Britta Johnson’s musical Life After brings a cast of incredible performers to the Toronto stage
Britta Johnson’s musical, Life After, co-produced by The Musical Stage Company, Yonge Street Theatricals and Canadian Stage, opened at the Berkeley Street Theatre on Thursday. It’s a strong production with powerful music and a really contemporary feel while at the same time giving a nod to traditional musicals.
My daughter Megan came with me. I love going to shows with her. I’m all about what I feel and think after a show. Meg knows why she feels and thinks it. Articulating the ‘why’ is my challenge. We both really enjoyed the show. The audience joined us in weeping, a lovely change for me, but it’s not all tears, there’s lots of laughter.
Alice’s (Ellen Denny) father, Frank (Dan Chameroy), a self-help guru, died in a car accident on her sixteenth birthday. Alice is trying to understand the events that led to the accident and come to terms with his death.
Johnson wrote the book, lyrics, and music for Life After. It’s impressive by any standard but when I think that she’s about 26 it amazes me. The songs are strong and the music shone under Reza Jacobs’ musical direction. Having a live – although small – orchestra added to the wonderfulness.
We both liked the way that director Robert McQueen used the whole area having characters enter from both sides and through the audience, moving the action, sometimes having more than one thing happening at a time. He also allowed for moments of silence, something that’s unusual in musicals but was very effective.
The chorus (Neema Bickersteth, Barbara Fulton, and Anika Johnston), we loved the chorus! The way they were used to signal a change in direction of the story and to emphasize Alice’s thoughts was so effective.
And the way they moved! The way everyone moved. Linda Garneau’s choreography was fantastic. It was subtle but nuanced. Just by being there it added to the whole.
We loved the way they were dressed. Skinny jeans, tops, and shoes, all matching but each performer in a different bright colour. Ming Wong’s costumes are great. Beth (Tracy Michailidis), Frank’s widow, wore a light grey skirt, tunic, and coat that matched her calm, pulled together personality for most of the show. When she finally breaks down she’s wearing sweat pants and a baggy t-shirt.
Even though this is billed as a story about Alice and her journey to work through her feelings about her father’s death it’s also about how the other people in Frank’s life life deal with it. Johnson’s ability to create fully developed secondary characters is a special gift.
I didn’t particularly like the Alice character. Denny’s portrayal of a 16 year-old totally caught up in herself and quite oblivious to the effect she’s having on the people around her was very effective. I wanted to shake her.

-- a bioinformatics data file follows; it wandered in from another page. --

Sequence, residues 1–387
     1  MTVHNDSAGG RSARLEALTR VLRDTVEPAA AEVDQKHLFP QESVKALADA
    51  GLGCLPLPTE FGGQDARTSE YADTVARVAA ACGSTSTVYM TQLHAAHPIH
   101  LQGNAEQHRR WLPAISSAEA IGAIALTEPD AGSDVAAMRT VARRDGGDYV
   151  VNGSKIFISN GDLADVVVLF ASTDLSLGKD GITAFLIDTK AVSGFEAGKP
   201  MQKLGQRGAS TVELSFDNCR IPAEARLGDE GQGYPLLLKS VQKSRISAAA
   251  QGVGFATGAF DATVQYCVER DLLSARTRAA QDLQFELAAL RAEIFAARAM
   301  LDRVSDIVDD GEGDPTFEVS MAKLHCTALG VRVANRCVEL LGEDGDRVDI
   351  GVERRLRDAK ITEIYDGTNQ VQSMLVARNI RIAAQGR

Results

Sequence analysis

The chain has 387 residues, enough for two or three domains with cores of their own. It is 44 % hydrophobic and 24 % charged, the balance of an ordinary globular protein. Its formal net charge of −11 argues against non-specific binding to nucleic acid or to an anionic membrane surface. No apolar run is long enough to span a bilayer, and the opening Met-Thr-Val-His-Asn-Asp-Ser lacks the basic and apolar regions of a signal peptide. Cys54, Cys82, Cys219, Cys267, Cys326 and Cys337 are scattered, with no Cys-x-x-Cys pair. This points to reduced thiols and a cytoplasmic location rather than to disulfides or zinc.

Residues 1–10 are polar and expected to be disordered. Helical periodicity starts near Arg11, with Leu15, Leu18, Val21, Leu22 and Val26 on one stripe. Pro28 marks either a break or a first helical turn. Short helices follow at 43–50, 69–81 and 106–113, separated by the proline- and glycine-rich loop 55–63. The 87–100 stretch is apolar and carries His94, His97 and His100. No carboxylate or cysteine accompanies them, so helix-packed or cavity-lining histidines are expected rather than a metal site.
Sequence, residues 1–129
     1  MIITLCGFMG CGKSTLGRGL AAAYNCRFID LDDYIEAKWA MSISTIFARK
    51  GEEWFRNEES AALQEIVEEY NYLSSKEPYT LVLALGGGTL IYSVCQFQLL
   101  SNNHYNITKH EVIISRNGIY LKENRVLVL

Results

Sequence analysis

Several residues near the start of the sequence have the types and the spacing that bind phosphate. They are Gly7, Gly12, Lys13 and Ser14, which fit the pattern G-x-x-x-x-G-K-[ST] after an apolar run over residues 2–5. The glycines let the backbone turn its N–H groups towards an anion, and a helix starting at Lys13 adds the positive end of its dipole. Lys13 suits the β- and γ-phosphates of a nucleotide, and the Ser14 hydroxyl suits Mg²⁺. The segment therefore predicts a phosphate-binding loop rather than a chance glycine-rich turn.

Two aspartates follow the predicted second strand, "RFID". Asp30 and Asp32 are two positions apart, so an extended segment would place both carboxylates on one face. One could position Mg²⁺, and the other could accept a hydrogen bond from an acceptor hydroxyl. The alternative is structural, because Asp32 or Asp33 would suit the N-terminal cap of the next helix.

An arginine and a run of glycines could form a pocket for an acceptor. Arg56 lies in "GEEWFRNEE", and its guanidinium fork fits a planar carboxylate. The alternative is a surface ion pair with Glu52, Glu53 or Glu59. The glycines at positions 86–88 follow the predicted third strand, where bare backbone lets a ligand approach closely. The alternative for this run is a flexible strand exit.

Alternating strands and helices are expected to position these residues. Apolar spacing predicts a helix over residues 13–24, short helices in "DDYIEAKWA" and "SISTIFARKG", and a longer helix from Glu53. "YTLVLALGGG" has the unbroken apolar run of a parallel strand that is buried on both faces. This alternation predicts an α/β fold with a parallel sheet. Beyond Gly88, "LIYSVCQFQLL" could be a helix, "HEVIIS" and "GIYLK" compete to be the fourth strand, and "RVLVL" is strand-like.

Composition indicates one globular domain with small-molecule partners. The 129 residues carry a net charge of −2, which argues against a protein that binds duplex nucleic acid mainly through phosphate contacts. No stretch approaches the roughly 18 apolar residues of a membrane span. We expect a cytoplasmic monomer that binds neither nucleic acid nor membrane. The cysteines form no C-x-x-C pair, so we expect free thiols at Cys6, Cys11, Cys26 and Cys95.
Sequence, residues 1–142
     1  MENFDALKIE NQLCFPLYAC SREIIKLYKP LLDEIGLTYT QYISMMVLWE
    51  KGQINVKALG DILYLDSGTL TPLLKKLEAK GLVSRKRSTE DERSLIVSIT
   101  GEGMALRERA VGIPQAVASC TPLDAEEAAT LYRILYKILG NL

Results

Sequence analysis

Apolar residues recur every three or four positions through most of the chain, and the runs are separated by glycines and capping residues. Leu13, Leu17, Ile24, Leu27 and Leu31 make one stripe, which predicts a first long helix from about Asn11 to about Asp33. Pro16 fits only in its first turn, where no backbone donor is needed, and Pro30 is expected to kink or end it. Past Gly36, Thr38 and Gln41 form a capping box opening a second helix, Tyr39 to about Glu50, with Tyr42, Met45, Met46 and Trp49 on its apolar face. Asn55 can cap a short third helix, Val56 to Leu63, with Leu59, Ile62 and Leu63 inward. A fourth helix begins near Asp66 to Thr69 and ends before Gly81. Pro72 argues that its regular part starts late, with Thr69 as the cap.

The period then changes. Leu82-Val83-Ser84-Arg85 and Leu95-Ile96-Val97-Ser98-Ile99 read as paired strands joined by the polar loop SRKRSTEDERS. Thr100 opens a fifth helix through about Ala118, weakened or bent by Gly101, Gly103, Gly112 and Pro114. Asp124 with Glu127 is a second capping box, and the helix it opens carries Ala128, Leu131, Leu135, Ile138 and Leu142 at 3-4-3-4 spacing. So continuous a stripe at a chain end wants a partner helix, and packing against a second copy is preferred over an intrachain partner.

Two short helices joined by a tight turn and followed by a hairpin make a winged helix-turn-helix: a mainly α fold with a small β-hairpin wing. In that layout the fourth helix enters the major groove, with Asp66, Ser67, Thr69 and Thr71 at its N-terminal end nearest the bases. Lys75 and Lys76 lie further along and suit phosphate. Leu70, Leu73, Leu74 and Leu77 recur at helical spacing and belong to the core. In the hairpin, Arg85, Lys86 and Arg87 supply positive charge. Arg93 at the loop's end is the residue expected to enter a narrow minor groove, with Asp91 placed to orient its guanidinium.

Rielle Braid’s (Kate, Alice’s older sister) portrayal of a young woman trying to ease her mother and sister’s grief at the cost of expressing her own was wonderful. Her comic timing was perfect.
Kelsey Verzotti was a delight as Hannah, Alice’s best friend. She embodied a 16 year-old, who, with the best intentions in the world, can’t find the right thing to say to comfort her friend. She was lovely.
Trish Lindstrom ‘s anguish as for Alice, as her teacher, and her conflicted personal grief for Frank were palpable. Her display of joy in one of the flashbacks was a delight.
Dan Chameroy was, as always, marvelous. His public Frank, the self-help guru, was every good speaker I’ve ever seen; sincere, relaxed, a tiny bit evangelical. As the father he was in turn loving, angry, apologetic, wise, funny, sad, and wacky. As a husband he was demanding.
One of my favourite parts of the show was Chameroy singing Line 33 and dancing down a set of stairs. Very old-timey musical.
Tracy Michailidis was perfection as Alice’s mother and Frank’s widow. Her restrained performance for most of the piece was full of tension. The mask of perfect widow slipped as she lamented that she used to be someone and now she was “the wife of a famous dead man”.
In what was Megan and my favourite scene she finally falls apart and sings an amazing song about paint and wallpaper that expresses her grief, frustration, and anger. It was the most powerful scene in the play.
And here’s our quibble. It should have been the final scene. Not that the play should have ended then, there was good stuff that came after, but that scene should have come at the end. It was poignant, cathartic, and beautiful. It involved the whole family and for both of us the strength of this piece was that it was about more than just Alice.
One other quibble. The show seemed to drag a bit. Neither of us could say exactly why.
And something we really loved. The cast was eight women and one man. Sort of like opposite land.
Impressive performances and great music made for an enjoyable evening. Definitely worth seeing. Take tissues. I cried in the first 30 seconds, so did the woman in front of me and the man in front of her.
- Life After is playing until October 22nd at the Berkeley Street Theatre (26 Berkeley St)
- Shows run Tuesday thru Thursday and Saturday at 8:00pm and Friday at 7:00pm with matinees Wednesday, Saturday, and Sunday at 1:00pm.
- Ticket prices range from $35.00 to $69.00 and are available online, by phone at 416-368-3110, and at the box office
- Tickets can also be purchased on the TodayTix app and website for theatre tickets. Mooney on Theatre readers can get $15 off their first purchase at checkout with the code MOONEY.
Photo of Ellen Denny, Dan Chameroy, and Trish Lindstrom by Michael Cooper